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Dr. Barbara Sturm is a German aesthetics doctor and the Founder and CEO of Dr. Barbara Sturm Molecular Cosmetics. Her anti-inflammatory philosophy of healing the skin with advanced science ingredients has challenged both aggressive approaches and conventional wisdom.



Since launching her full skincare collection in 2014, Dr. Barbara Sturm has set herself apart through her science-first approach. At the core of her philosophy is the anti-inflammatory lifestyle she believes coaxes out the best glow for your skin and overall well-being. Instead of marketing speak, it’s about hardcore ingredient science and products that walk the walk. “You don’t put words on your face,” she says. 

Sturm is a scientist first, and believes in empowering clients with education on how the microbiome works and its effect on our skin’s health and vitality. “Inflammatory triggers swirl around us our entire lives—pollution, sun exposure, smoking and drinking, stress, lack of sleep, and bad diet,” she says. “Inflammation is the ultimate skin killer, and as you age the damage shows more profoundly.” As we sit in the depths of winter, we spoke with Dr. Sturm about how the cold weather months rob our skin of much-needed moisture, and her favorite ways to replenish skin holistically. 

What does dry or flaky skin in the winter or any time of year usually signify? 

Skin becomes especially dry in the winter for several reasons. A cold climate prevents blood circulation to the outer layers of our skin, leading to damage at the cellular level. Insufficient blood supply adversely affects the functioning of the skin’s tissue and cells, slowing down sebum production, an important part of the lipid shield that protects our skin and keeps the surface smooth and even. In addition to cold air, our skin also faces a battle against dry heat which can worsen the skin condition even more and cause faster loss of valuable moisture. The result is depleted moisture reservoirs in deeper skin layers which manifest as dull, dry, irritated, and tired-looking skin. 



What is the body’s first line of defense to prevent or treat dry skin?

Dry skin lacks surface lipids. These form a protective barrier on the skin to prevent water evaporation. Once this barrier is compromised, moisture levels in the deeper skin layers cannot hold as much water, and the natural upward flow of moisture into the upper layers of the skin is reduced, resulting in very dry skin. To prevent this, hydration is key. Combining lipid-rich moisturizers with a hyaluronic acid-based serum will provide your skin with an intense hydration boost and keep your complexion soft, healthy, and dewy. This increases the content of hydrolipids—the molecules on the upper layer of the skin which permit hydration—and also leaves a thin lipid layer on the skin’s surface, which reduces the evaporation of water from the skin. Hyaluronic Acid is also a powerful humectant. Look for a viscous, high concentration of blended low- and high-molecular-weight hyaluronic molecules that deeply hydrate your skin both superficially and at deeper skin layers. If you’re in extremely cold temperatures, choose a soothing, water-in-oil base that’s deeply hydrating and creates a protective shield against wind, cold and harsh winter climates. I also recommend using a gentle exfoliator twice a week to remove dry skin and create a perfect base for optimized absorption of active ingredients.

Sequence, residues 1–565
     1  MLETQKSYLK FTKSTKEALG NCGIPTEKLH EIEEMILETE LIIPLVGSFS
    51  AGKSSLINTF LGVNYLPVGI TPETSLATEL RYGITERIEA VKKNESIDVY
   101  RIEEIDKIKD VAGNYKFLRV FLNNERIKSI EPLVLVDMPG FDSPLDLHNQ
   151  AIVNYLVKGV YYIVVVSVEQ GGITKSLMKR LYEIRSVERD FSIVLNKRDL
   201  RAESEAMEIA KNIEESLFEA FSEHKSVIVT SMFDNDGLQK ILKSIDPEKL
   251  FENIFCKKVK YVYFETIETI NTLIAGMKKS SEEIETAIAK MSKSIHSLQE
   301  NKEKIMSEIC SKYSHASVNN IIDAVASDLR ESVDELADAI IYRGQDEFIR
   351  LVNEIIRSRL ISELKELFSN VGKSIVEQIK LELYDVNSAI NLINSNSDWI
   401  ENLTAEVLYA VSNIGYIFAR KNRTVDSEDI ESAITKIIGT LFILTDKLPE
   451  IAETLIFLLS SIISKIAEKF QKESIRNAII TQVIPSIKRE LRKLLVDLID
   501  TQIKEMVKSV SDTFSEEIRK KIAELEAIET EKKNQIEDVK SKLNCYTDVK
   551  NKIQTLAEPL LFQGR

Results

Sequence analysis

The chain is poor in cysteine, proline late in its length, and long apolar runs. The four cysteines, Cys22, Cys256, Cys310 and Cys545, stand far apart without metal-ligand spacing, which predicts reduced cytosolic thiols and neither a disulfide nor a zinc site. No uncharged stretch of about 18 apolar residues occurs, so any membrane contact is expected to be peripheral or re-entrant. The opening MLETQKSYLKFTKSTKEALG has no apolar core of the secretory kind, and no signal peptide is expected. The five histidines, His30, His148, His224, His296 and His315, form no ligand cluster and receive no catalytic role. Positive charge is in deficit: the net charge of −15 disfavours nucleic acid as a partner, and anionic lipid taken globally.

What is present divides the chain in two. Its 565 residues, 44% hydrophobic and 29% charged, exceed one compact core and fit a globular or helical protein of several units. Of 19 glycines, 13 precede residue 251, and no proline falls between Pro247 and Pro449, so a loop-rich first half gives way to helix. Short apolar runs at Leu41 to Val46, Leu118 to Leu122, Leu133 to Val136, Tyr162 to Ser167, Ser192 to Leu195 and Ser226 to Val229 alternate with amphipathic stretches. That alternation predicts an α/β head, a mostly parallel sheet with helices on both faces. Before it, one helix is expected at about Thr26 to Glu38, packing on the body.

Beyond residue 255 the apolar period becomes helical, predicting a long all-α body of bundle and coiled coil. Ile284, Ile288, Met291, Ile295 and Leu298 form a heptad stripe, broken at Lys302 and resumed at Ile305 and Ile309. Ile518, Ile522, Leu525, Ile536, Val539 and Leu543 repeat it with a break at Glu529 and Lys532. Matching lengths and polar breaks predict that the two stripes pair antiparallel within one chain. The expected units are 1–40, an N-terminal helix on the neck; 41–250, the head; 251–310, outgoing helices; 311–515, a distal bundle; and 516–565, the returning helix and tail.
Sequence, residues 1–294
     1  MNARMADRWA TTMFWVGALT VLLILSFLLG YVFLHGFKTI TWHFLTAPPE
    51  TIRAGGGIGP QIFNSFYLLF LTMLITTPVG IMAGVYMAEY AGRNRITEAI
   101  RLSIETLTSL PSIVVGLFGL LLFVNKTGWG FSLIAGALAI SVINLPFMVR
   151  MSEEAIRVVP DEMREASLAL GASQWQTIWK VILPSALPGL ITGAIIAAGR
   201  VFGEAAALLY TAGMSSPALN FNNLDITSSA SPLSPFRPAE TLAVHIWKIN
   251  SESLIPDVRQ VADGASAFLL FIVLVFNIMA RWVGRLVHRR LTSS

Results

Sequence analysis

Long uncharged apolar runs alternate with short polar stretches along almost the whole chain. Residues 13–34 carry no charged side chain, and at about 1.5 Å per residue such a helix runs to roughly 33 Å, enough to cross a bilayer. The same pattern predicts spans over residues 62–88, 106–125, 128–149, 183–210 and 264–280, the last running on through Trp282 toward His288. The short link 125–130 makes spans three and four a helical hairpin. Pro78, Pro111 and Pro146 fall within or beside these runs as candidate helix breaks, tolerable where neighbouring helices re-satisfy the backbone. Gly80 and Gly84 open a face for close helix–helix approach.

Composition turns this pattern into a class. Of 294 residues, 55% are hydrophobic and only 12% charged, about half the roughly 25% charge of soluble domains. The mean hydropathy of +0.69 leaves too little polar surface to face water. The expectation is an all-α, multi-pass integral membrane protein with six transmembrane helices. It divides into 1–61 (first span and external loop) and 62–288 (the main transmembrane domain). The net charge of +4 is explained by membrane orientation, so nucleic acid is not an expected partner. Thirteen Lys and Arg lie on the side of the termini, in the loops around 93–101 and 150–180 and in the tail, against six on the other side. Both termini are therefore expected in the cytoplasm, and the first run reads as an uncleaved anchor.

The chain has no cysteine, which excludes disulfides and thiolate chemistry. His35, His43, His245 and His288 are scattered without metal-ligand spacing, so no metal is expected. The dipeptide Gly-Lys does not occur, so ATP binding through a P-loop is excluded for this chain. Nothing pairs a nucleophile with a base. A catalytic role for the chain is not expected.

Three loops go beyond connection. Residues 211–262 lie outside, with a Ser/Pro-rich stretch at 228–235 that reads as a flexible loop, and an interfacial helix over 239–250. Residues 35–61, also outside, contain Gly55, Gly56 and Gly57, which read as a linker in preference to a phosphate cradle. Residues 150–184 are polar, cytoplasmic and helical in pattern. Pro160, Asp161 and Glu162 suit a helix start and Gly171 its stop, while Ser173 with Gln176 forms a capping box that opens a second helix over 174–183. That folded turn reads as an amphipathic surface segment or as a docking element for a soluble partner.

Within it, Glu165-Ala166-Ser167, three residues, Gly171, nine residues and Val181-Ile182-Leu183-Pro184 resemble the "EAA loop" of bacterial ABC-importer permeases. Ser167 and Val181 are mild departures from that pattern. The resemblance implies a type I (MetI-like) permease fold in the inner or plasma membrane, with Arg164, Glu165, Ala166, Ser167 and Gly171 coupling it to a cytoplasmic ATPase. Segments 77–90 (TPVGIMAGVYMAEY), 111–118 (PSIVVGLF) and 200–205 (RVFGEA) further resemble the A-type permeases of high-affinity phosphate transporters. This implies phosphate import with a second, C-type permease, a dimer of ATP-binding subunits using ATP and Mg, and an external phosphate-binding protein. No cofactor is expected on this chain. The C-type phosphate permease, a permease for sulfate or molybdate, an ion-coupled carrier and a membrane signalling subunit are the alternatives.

(Edit Note: We love Dr. Sturm’s Face Cream, Hyaluronic Serum, Ski Cream, and Enzyme Cleanser

I love taking a milk bath...it’s an easy, DIY skin fix that costs about four dollars.

Why is an anti-inflammatory diet so key to premature cellular aging? 

Diet is an essential factor in aging, health, and wellness. Diet influences a functioning skin barrier that protects against pathogens and a working immune system that protects you broadly. I recommend all of my clients follow an anti-inflammatory diet and approach all year round for both an immediate and long-term effect on skin aging and overall health. It includes minimizing alcohol, caffeine, sugar, processed and fried foods, white flour, other refined carbs, and corn or cooking oil while emphasizing omega-3s, colorful fruits and vegetables, olive oil, purslane, mushrooms, sweet potatoes, avocados, and almonds. 


Any other rituals or practices you recommend for healthy skin in the winter? 

In winter, I like to use a simple dehumidifier in my home and place it near my bed at night. I use it all-year-round really, but especially in the arid winter months. I also avoid products that contain dehydrating ingredients, such as mineral oils, fragrance, and alcohol, and aggressive ingredients and treatments like acids and harsh lasers that kill healthy skin cells and impair your natural skin barrier function. In colder months, I love taking a milk bath. They are full of nourishing vitamins and minerals; vitamin E, which is an antioxidant that helps support cell function and skin health, and zinc, which holds anti-inflammatory properties and is ideal for soothing and healing skin. Milk also contains lactic acid, which acts as a mild exfoliant and its fat and protein content nourishes and smooths adult skin as well babies and kids. I do it all the time. It’s an easy, DIY skin fix that costs about four dollars.



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Filed Under: Well-being, Wellbeing

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